Moi was a workaholic – at least before he retired - and kept fit for his age. He never used a walking stick in public – opting to keep off from the glare. Even when he experienced troubled eyesight, later on, it was the font size to his speech which was increased rather than Moi wear reading glasses in public. It is only once, during his presidency, that Moi publicly acknowledged he had been unwell after he returned from an eye surgery in Israel and after prodding by the opposition.
For the last three years, President Moi had started missing out in major public events – and when political figures went to see him in his Kabarak home, he would be photographed sitting down; at best with a distant look. He also had added some weight.
In March 2018, Moi was flown to Israel aboard a chartered plane in the company of his long-time doctor, well-known cardiologist Dr David Silverstein and his youngest son Gideon Moi. The media was told by Moi’s spokesman Lee Njiru that President Moi had been flown to Israel for a check-up on his “knee” which “had been troubling him for some time.
The knee problem was the only ailment that was publicly known. On January 27, 2017 Moi underwent a minor surgery at Aga Khan Hospital in Nairobi to correct the knee problem that started on July 30, 2006 when his Range Rover collided with a pick-up truck near Limuru’s Rukuma View Point.
As Moi flew out to Ichilov Hospital in Tel Aviv, Israel, his doctor said that the Moi family was “eager to have a second opinion on the knee, which has been a source of discomfort to him [Moi]”.
“The old man is not feeling well. He will go for medical check-up (and) needs your prayers as he leaves the country,” said Gideon Moi, the family spokesman.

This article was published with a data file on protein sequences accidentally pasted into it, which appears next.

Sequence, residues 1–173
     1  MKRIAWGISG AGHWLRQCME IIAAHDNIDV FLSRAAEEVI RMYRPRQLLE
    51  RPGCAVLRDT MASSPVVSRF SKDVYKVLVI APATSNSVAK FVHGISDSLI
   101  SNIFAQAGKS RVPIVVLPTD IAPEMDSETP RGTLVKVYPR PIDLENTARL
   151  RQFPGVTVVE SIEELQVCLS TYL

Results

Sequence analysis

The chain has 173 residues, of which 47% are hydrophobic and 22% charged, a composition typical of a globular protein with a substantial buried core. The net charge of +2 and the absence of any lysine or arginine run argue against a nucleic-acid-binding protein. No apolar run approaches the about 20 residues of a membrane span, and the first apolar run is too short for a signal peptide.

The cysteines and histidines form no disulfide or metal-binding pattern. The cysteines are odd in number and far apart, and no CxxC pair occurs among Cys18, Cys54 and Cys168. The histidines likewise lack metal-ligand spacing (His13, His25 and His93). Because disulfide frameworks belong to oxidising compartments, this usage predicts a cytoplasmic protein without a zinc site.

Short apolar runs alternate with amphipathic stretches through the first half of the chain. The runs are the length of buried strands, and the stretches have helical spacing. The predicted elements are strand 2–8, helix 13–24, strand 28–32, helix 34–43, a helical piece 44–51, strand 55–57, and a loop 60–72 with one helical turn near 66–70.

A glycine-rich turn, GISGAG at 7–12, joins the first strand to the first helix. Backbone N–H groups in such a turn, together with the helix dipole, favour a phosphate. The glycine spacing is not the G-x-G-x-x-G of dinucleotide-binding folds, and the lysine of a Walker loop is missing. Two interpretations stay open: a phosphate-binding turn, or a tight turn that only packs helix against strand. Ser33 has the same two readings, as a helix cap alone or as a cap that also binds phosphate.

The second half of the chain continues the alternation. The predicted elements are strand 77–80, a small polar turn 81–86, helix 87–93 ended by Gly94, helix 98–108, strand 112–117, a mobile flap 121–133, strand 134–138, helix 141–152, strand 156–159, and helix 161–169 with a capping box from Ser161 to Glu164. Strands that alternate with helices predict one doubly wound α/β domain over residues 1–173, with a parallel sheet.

For the last two years, Moi has been on wheelchair and during the October 26, 2017 election, he did not leave his car at the Kabarak University polling station. Instead, he cast his vote from the car with the assistance of a polling clerk which was a clear sign that the old-man had a mobility problem.
On December 12, 2018, President Moi was again admitted at Nairobi Hospital with a “bout of flu” with Dr Silverstein saying the former head of state would spend a couple of nights in the hospital to accord doctors ample time to carry out their analysis. Mr Moi left hospital on Monday December 17, 2018.
In September 2, 2018, Moi celebrated his 94th birthday in a private function at his Kabarak home, flanked by his children and grandchildren.
He would also watch the burial service of his eldest son Jonathan, from the house – an indicator that the former President’s health had largely deteriorated.
The passing of the late Moi will reshape the Rift Valley region politics where he had become an icon – and a king-maker. But for the last decade, Mr Moi has been cut out of the national politics; thanks to ill health and change of guard.
President Kenyatta has ordered flags to be flown at half-mast at State House, State Lodges, all public buildings and military bases until sunset on the day of burial.
Additional reporting by Lynette Mukami